by Jeff Skinner
So Lee Westwood secures a win over the weekend and climbs back atop the Official World Golf Rankings. Westwood had a chance at not recapturing his top spot if Luke Donald had closed the deal at The PGA Tour’s Heritage. But Donald’s loss to Brandt Snedeker meant Westwood once again is World Number One and once again I have to question the validity of the World Ranking criteria.
If Westwood’s victory came on the European Tour, against top notch, world class competition I’d have nothing to say and would acknowledge his status as well earned. But that’s not the case. His win came at the Asian Tour’s Indonesian Masters. Now, I’m not one to bash any golf tour, I’m a fan of golf at every level be it PGA Tour, European Tour, LPGA Tour, Nationwide Tour, Hooters, Sunshine, Moonshine or Shoeshine Tour. But come on. Westwood’s decision to play in Indonesia surprised many seeing that his own tour, The European Tour had an event this week but Westwood is free to play anywhere. Certainly a trip to Indonesia and a large appearance fee check are fine reasons to make the trip but the competition at The Indonesian Masters is anything but Masters like. (Check out the Indonesian Masters Leaderboard.)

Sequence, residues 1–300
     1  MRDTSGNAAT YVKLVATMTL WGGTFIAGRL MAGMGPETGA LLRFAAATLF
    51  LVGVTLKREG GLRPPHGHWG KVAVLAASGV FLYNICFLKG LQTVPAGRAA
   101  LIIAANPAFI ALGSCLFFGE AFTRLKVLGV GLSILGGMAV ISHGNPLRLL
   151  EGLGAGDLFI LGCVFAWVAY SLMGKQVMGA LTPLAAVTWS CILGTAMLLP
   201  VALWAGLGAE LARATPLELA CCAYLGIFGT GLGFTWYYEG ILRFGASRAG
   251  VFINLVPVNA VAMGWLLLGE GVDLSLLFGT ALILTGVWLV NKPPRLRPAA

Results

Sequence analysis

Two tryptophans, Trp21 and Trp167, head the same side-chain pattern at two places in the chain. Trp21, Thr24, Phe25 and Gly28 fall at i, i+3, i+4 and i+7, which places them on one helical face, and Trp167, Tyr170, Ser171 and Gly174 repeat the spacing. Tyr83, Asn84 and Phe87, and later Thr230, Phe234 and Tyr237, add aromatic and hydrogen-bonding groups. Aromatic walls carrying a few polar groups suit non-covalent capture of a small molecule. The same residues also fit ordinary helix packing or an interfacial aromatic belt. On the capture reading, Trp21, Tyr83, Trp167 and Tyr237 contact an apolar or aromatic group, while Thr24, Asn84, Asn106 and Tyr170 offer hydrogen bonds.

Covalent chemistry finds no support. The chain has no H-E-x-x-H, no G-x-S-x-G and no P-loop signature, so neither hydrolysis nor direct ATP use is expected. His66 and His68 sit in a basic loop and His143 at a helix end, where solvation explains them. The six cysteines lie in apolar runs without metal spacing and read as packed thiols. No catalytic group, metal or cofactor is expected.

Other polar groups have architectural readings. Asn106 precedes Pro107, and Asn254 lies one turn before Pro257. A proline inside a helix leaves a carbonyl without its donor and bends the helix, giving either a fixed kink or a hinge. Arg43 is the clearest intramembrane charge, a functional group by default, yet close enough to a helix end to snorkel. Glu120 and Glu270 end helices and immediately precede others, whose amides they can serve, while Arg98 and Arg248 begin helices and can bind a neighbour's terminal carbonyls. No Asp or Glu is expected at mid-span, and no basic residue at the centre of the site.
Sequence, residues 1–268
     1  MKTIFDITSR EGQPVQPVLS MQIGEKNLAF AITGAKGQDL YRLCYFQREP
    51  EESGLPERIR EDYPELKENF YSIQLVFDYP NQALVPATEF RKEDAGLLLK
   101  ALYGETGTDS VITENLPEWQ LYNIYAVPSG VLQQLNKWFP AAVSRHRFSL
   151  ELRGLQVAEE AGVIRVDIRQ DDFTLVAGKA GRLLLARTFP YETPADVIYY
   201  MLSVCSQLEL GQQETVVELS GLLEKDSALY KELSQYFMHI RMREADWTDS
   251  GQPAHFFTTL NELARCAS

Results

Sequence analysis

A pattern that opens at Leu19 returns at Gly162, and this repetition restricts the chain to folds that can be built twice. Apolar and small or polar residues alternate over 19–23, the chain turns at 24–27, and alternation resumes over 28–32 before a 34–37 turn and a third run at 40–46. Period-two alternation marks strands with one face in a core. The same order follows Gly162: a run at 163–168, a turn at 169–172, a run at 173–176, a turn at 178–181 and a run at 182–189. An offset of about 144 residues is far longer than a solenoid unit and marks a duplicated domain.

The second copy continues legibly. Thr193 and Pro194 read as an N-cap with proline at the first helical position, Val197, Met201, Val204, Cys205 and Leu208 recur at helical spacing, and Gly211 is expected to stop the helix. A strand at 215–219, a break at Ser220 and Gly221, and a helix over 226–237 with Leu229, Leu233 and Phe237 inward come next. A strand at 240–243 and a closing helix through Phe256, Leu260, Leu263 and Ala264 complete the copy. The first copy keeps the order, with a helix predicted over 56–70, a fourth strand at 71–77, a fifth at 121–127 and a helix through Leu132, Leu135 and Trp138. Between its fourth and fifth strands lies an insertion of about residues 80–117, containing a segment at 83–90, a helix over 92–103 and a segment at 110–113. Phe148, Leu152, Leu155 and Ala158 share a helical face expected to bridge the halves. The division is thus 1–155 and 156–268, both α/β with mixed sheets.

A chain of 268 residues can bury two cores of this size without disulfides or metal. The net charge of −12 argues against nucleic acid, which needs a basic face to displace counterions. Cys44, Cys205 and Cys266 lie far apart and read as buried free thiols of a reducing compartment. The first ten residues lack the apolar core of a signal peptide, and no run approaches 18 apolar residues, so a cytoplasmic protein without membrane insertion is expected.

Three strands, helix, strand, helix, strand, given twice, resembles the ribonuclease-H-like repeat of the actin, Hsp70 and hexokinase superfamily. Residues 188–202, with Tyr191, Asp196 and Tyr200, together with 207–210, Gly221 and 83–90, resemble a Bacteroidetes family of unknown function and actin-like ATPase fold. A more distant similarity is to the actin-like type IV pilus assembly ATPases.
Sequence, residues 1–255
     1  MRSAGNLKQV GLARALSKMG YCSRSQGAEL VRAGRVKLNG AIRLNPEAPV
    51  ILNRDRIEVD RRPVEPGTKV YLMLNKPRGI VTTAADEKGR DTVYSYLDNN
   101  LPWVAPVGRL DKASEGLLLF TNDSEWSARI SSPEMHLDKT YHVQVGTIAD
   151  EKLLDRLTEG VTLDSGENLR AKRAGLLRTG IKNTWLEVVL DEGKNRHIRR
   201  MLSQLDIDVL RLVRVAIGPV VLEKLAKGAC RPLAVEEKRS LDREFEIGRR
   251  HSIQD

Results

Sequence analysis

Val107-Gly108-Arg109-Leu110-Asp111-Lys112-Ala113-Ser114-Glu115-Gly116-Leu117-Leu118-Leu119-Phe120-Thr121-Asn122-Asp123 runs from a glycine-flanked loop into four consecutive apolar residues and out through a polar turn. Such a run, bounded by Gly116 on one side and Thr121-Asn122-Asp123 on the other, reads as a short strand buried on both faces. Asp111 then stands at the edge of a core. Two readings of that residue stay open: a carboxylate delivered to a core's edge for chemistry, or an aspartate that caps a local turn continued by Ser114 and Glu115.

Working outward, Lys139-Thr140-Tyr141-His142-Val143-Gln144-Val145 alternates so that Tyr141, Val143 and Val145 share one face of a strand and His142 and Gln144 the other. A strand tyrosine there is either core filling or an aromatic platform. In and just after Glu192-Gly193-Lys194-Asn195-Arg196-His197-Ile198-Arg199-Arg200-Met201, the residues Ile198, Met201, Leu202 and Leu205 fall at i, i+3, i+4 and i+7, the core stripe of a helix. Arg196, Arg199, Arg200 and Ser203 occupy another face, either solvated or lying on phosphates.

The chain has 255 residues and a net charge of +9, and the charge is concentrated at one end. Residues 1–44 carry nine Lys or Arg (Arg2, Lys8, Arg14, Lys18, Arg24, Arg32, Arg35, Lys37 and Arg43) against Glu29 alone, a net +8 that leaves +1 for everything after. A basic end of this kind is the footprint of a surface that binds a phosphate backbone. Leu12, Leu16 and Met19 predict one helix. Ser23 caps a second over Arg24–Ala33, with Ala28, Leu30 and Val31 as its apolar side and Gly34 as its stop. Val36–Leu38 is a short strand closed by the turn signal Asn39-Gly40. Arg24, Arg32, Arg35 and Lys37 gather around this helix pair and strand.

Thongchai Jaidee, a fine international golfer with 13 Asian Tour wins placed second to Westwood. Jaidee was ranked 75th in the World Golf Rankings going into the tournament. The PGA Tour’s Heritage, while not a major type field still had three of the top ten in the world and at least a dozen of the top fifty in the world. Westwood’s tournament had, well, Westwood.
I would put Luke Donald’s second place at The Heritage up against Westwood’s win in Indonesia. Westwood hasn’t had a top ten finish this season and his ranking is based on his performance in 2010 and portions of 2009. Donald is by far the superior golfer in 2011 with a win and five top tens on The PGA Tour against world class competition. Prior to this win the best finish for Westwood was his eleventh place finish at The Masters.
The Official World Golf Rankings are a complicated bunch of formulas that include results for the last two years. The best player in the world according to their numbers is Lee Westwood. But he certainly isn’t the best golfer in 2011.
Of the top five players in the World Rankings only three have won this year. Luke Donald won at The Match Play Championship. Phil Mickelson won at The Shell Houston Open and Westwood won in Indonesia. I’ll take Donald right now as the best player in the world and wait for Westwood to win one against real competition.